Most religion tries to teach a moral position: love and care for your children, always.  That means get them medical help when they need it as well as praying for them [...]

Ridiculous. Millions of times per year, all over the world, religion means slicing off clitorises or foreskins with knives and sharp rocks in a superstitious (and futile) attempt to eradicate future "sinful" sexual desires in children. Even in the US it means parents allow thousands of children to suffer and even die rather than be immunized against common diseases or seek life-saving medical treatment for everything from bee stings to the measles.

If we are willing to intervene in this, should we also intervene when parents choose not to pay for health insurance (potentially subjecting a seriously ill or injured child to death or long-term disability)? 

Hospitals are required to provide emergency medical care for children. If a child dies due to parental neglect-- which can include refusing to provide medical care-- put the parent in prison for manslaughter. They do for practically any other reason of neglect. Why does hocus pocus get special consideration? 

Crackpot: "Well, your honor, my baby was dying. He lay there for a week struggling to breathe. Those doctors at the hospital down the block don't know jack squat. I asked the Leprechauns to heal him with their marshmallow magic instead. I asked them every single day. I even lay 12 bags of magically delicious marshmallows all around his crib. The purple kind, I mean. But my baby died anyway. Now I'm all busted up inside. *Sobbing*" 

Judge: "Jeepers, buddy. I just want you to know I'm a Leprechaun believer too. You did everything you could. I mean, 12 bags of the super purple? It doesn't get any more magically delicious than that. You're free to go. Probation for seven years." 

Should we intervene when parents don't want a handicapped child, or a girl, or the economic burden, and choose to terminate the child in the third trimester? 

Are you actually trying to change the subject to abortion? Why not bestiality or plural marriage? Why not get really diversionary and try both at once?

Hey gang! Should the state intervene when three men, eight women, a dog, four cats, and a ferret all want to get married? I'm fairly sure it's legal in Utah already anyway. Well, if not marriage then some kind of civil union thing.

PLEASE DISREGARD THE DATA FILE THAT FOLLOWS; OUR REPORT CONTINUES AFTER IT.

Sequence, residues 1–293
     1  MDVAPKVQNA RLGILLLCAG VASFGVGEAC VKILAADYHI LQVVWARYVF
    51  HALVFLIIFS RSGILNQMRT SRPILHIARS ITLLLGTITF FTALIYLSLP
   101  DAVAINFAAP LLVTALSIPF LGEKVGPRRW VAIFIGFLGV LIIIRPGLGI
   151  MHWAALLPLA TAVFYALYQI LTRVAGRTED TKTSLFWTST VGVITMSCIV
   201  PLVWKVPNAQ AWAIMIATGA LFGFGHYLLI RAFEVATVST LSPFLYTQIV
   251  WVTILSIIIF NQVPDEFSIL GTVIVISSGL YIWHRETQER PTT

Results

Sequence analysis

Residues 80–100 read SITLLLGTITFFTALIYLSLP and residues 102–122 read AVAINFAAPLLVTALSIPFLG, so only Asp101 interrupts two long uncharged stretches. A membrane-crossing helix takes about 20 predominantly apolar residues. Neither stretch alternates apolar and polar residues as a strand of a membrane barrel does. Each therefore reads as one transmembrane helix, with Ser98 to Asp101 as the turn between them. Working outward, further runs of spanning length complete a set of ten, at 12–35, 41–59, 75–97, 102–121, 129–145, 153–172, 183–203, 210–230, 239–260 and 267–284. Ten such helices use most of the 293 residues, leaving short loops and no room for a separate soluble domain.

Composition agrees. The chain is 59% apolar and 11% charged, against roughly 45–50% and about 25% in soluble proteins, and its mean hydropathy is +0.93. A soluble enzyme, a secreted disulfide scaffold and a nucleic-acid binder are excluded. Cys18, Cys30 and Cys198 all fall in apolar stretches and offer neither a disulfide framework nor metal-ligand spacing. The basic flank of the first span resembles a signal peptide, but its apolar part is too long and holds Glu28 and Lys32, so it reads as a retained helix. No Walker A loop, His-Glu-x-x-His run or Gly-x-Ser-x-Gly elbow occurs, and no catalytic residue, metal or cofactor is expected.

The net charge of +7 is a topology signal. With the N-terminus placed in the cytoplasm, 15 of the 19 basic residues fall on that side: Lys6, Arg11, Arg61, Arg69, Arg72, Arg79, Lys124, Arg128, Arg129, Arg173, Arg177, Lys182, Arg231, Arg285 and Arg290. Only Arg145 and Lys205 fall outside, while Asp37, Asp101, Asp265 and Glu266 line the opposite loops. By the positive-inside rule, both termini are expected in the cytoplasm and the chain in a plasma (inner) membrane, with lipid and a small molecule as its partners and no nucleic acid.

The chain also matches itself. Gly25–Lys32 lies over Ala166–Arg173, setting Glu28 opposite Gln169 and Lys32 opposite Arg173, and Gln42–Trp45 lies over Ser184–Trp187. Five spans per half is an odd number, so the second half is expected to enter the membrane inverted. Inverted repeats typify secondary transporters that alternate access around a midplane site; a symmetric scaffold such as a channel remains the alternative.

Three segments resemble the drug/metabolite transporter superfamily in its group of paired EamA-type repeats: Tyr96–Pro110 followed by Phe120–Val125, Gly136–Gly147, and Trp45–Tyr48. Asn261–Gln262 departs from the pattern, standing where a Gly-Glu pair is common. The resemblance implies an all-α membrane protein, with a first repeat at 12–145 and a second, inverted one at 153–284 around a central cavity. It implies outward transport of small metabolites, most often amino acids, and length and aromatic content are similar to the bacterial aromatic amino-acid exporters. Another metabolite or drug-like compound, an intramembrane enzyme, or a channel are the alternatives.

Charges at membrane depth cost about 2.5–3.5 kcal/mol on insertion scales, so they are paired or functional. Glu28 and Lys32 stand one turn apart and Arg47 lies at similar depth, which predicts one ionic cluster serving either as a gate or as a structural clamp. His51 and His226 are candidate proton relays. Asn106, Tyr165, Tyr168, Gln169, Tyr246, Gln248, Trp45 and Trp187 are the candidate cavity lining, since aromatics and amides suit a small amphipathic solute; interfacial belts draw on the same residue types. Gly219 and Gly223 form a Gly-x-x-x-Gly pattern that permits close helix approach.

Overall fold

Religion also tells you to bomb the Boston Marathon, blow up school buses in Israel, slam fully loaded passenger planes into the World Trade Center, saw heads off with dull swords for converting to Christianity from Islam, and jabber incantations while babies die of neglect.

Good heavens, what a shallow argument.  Does atheism tell you to launch the Cultural Revolution, hustle millions of people off to Stalin's gulags, or engage in eugenics experiments on human populations, just because those were actions that happened to be taken by vociferous atheists?

People make choices due to a complex interplay of competing ideas and pressures.  Some cultural, some religious, some economic, some social, some personal.   Attempting to treat the cause of any particular decision as though it is univariate is remarkably naive.  To then take one variable, religion, and treat it as dichotomous when there is in fact a range of religious teaching on a topic is really quite irrational.

I would agree with you vis a vis manslaughter charges for parental neglect of this type, at least on an emotional level.   But then I might also support manslaughter charges for terminating a 3rd trimester pregnancy while claiming superstitious nonsense like "a fetus isn't human". 

What I was really suggesting, though, was that there are two levels of decision.  One is the moral level, what we want to teach others.  The second is the public policy question, what we want the state to punish.  We can teach others that smoking weed is bad while at the same time be opposed to the public policy of punishing people for possessing small quantities of pot.  We can also teach others to get their kids medical treatment while at the same time believing that the pain of losing a child might be more punishment than any prison term.  We can teach others that abortion is wrong without necessarily demanding laws that punish women for making that choice.